Courts understand that the waiting period for divorce may not be possible for all couples. For example, if you are a stay-at-home parent that is raising your children and dependent on your spouse for financial support, waiting for 6-months for the judge to finalize your divorce probably seems impossible. When you file for divorce, the court allows you to ask the court for temporary court orders for child custody, child support, and spousal support. If you request a temporary order, the court will hold a hearing and request information from each spouse before deciding how to rule on the application. The judge will usually grant the temporary order quickly, and it will remain valid until the court orders otherwise or until the judge finalizes the divorce. Other temporary orders may include a request for status quo payments or temporary property restraining orders. Status quo orders typically require the breadwinner to continue paying marital debts throughout the divorce process. Temporary property restraining orders protect the marital estate from either spouse selling, giving away, or otherwise disposing of marital property during the divorce process. Restraining orders are usually mutual, meaning both spouses must follow it or risk being penalized by the court. If you need a temporary order but didn’t file your request at the time you filed for divorce, you’ll need to apply for temporary orders as quickly as possible. When you file for divorce, the court allows you to ask the court for temporary court orders for child custody, child support, and spousal support.
Serve Your Spouse and Wait for a Response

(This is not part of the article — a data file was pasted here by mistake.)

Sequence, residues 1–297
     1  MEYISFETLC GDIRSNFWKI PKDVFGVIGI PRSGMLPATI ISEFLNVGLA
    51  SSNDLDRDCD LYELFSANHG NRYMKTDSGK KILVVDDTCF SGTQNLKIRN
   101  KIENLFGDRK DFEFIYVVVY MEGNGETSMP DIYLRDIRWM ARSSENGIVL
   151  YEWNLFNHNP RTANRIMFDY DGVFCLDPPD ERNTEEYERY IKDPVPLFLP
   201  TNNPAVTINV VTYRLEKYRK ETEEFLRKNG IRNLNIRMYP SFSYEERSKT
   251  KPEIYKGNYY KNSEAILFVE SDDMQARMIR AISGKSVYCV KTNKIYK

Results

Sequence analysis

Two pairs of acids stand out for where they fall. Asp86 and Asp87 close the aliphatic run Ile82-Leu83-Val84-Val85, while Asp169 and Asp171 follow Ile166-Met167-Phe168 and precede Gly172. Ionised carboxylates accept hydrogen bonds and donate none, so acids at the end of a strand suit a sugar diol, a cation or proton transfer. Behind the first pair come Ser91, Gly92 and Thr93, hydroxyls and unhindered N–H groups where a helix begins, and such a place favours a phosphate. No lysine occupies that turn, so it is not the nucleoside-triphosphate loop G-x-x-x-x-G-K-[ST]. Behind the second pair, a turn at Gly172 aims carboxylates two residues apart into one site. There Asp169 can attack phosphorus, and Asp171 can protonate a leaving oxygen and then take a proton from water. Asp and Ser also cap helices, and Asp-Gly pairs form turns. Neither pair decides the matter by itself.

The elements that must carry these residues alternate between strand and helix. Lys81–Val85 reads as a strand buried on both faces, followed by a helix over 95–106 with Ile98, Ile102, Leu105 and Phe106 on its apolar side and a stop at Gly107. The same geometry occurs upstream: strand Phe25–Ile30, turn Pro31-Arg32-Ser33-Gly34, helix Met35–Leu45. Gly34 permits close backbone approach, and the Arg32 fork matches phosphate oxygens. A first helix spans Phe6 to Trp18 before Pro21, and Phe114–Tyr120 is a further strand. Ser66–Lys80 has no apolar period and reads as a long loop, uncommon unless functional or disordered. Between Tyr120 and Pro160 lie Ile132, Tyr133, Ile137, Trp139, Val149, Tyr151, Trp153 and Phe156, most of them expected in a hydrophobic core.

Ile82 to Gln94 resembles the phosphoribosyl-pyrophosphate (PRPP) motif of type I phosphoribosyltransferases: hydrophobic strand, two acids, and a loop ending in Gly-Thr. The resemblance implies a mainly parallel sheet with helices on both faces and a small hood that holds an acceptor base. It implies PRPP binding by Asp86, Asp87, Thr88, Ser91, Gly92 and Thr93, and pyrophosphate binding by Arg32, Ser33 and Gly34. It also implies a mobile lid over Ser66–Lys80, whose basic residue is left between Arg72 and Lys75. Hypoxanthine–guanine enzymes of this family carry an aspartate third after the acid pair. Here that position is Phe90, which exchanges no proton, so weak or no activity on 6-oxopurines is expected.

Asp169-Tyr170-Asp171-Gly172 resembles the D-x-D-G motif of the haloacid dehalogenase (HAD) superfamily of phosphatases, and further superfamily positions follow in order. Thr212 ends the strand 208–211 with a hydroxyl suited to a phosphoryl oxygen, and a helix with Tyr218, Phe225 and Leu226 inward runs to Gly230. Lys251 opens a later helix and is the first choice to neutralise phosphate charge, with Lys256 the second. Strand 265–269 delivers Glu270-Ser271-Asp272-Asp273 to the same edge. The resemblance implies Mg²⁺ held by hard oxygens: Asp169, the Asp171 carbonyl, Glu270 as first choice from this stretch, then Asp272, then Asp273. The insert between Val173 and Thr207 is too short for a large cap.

After you file the petition for divorce and request for temporary orders, you need to provide a copy of the paperwork to your spouse and file proof of service with the court. Proof of service is a document that tells the court that you met the statutory requirements for giving a copy of the petition to your spouse. If you don’t properly serve your spouse, or if you neglect to file a proof of service with the court, the judge will be unable to proceed with your divorce case. Service of process can be easy, especially if your spouse agrees with the divorce and is willing to sign an acknowledgment of service. However, some spouses, especially ones that want to stay married or make the process complicated, can be evasive or try anything to frustrate the process. The easiest way to ensure proper service is for the filing spouse to hire a professional who is licensed and experienced in delivering legal documents to difficult parties. The cost is usually minimal and can help prevent a delay in your case. If your spouse retained an attorney, you could arrange to have the paperwork delivered to the attorney’s office. The party who receives the paperwork (usually titled “defendant” or “respondent”) must file an answer or reply to the divorce petition within a prescribed amount of time. Failure to respond could result in a “default” judgment against the non-responding spouse, which can be complicated and expensive to reverse. The responding party has the option to dispute the grounds for divorce (if a fault divorce), the allegations in the petition, or assert any disagreements as to property, support, custody, or any other divorce-related issues.